So we started this long process really from scratch as far as our knowledge of the space sector, and we went through the various qualifying hurdles with the UK Space Agency and the UK Government. Then in 2019 we were finally fully funded and approved, so we are the UK’s horizontal launch spaceport for satellite launch, so putting satellites into low earth orbit, for missions from anything such as earth observation and remote sensing, environmental intelligence, and that’s why we’re here at the moment in Falmouth as part of the G7, showcasing all of the amazing opportunities satellite data has to increase our awareness of the environment.

Initially, our launch partner was Virgin Orbit. They will launch out of the Spaceport early next year, which will be the first time the UK has ever launched anything into orbit from UK soil. Our ambition is always to be a multi-user spaceport. So, the partnership that we’ve announced here today with Sierra Space is really exciting because it makes good on that promise. So, even before Virgin Orbit launch for the first time we were already having meaningful discussions with other launch operators such as Sierra Space, and we’re already having lots of exciting conversations about what we hope will be return missions to Cornwall in the future, but also they’re really influencing the sort of things that we’re doing on the ground right now. So, it’s really exciting and we’re pleased to be able to announce it.

Fantastic. So, this relationship is the culmination of two years of conversations, you guys must be delighted for the ink to be finally drying on this, and for you to be seeing those benefits. So, it would be really great to understand, Ross you talked about the only horizontal launch, so having a runway, as we would understand it, like a plane as we’ve all obviously been on and John has recently just been on, but John can you perhaps tell us a little bit about Dream Chaser because it’s a very interesting craft actually, it doesn’t just take off horizontally does it?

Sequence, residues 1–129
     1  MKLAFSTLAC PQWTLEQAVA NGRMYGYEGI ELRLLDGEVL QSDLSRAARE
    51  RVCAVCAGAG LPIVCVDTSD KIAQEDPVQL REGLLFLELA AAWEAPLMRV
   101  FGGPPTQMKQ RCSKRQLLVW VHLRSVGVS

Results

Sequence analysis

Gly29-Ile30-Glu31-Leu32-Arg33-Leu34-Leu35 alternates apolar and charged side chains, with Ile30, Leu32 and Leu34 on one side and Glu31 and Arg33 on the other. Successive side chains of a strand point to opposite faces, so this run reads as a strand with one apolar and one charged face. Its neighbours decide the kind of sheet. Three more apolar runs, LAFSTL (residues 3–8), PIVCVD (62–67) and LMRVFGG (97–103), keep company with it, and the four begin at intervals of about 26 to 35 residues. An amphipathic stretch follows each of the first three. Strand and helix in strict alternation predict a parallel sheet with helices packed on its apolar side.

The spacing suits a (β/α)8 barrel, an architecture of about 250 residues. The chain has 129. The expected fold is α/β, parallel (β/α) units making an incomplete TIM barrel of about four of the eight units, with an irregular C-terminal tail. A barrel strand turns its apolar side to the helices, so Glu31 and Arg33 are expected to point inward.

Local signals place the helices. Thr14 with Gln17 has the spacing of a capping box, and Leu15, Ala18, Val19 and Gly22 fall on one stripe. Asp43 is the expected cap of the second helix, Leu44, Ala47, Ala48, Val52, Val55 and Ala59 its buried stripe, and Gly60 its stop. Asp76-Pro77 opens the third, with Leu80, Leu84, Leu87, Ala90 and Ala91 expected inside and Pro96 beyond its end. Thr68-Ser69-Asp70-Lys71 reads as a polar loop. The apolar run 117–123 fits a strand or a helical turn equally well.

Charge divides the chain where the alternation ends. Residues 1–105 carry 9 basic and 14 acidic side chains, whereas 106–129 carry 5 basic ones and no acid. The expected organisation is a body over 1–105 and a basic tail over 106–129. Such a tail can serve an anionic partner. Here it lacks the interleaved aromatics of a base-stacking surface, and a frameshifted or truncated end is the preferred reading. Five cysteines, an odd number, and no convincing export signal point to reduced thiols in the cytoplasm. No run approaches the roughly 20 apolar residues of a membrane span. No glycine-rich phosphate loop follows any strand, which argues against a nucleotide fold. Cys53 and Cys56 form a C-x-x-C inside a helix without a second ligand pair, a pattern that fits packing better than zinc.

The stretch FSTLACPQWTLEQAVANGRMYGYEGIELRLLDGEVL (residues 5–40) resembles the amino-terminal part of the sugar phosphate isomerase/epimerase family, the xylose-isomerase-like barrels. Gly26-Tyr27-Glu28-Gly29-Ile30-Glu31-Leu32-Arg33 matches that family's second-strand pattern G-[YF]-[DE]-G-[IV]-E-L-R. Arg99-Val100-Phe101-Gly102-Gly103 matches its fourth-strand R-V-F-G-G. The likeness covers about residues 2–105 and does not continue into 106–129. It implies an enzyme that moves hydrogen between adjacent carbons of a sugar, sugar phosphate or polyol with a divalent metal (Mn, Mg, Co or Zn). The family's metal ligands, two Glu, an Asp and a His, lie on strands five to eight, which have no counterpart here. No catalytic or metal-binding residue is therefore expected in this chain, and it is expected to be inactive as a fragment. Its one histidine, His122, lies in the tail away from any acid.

John Roth: No, so the dream chaser is an orbital vehicle, so as opposed to going up and coming back down or going up and launching a satellite like Virgin Orbit will do, we actually take the whole vehicle into orbit to go up to the International Space Station, at least our first missions will be to the International Space Station, but we launch vertically on a rocket. Our first mission will be launching on a Vulcan Rocket which is a United Launch Alliance rocket in the United States, but we have the ability to land at any licensed runway. So, the challenge is to begin the process of getting runways licensed to be able to land our spaceplane. We have a couple of landing sites in the US that we’re working on, the first one will be the Shuttle Landing Facility at Kennedy which is where we’ll be landing our NASA missions. We’re also working with Huntsville Alabama to get their airport licensed to be able to land Dream Chaser in Huntsville. But Cornwall will be our first international location where we are going to move forward, hopefully with the whole licensing process to get it licensed to land our vehicle.

Fantastic, so it’s very exciting. When Ross and I were chatting earlier, Ross you were talking a little bit about how the relationship with Sierra had started to influence how the Spaceport was developing, and that had been ongoing before obviously the official relationship was signed, sealed, and delivered. Perhaps you could both talk a little bit about what you guys are doing at Sierra that is influencing how the spaceport’s facilities are developing, historically and into the future.

Ross Hulbert: Well, if I start with our point of view from Spaceport Cornwall, and probably overlaps to what John was saying about Dream Chaser, but from our point of view we want to provide an operationally-capable site. So, the first and foremost qualifying thing that we can do, is for Dream Chaser to land on the runway and have enough tarmac not to fall off at the other end before it stops.

Sounds like that’s a great plan. That’s very basic but it’s a really powerful and compelling story that you’re telling there!

Ross Hulbert: We’ve got to be safe, so we qualified that, we could do that. But then from both Sierra Space’s point of view and our point of view we want to see more than that. It’s an exciting looking spacecraft, it will inspire anyone who would come down looking through their binoculars to come and spot it would be very impressed. But as far as an economic opportunity both in the UK and for Cornwall, we need to ensure that we can take those valuable payloads and scientific experiments that on Dream Chaser – off, and do something with them at the Spaceport, and that’s where we can involve the rest of our partners, universities and research organisations, and invest in laboratories.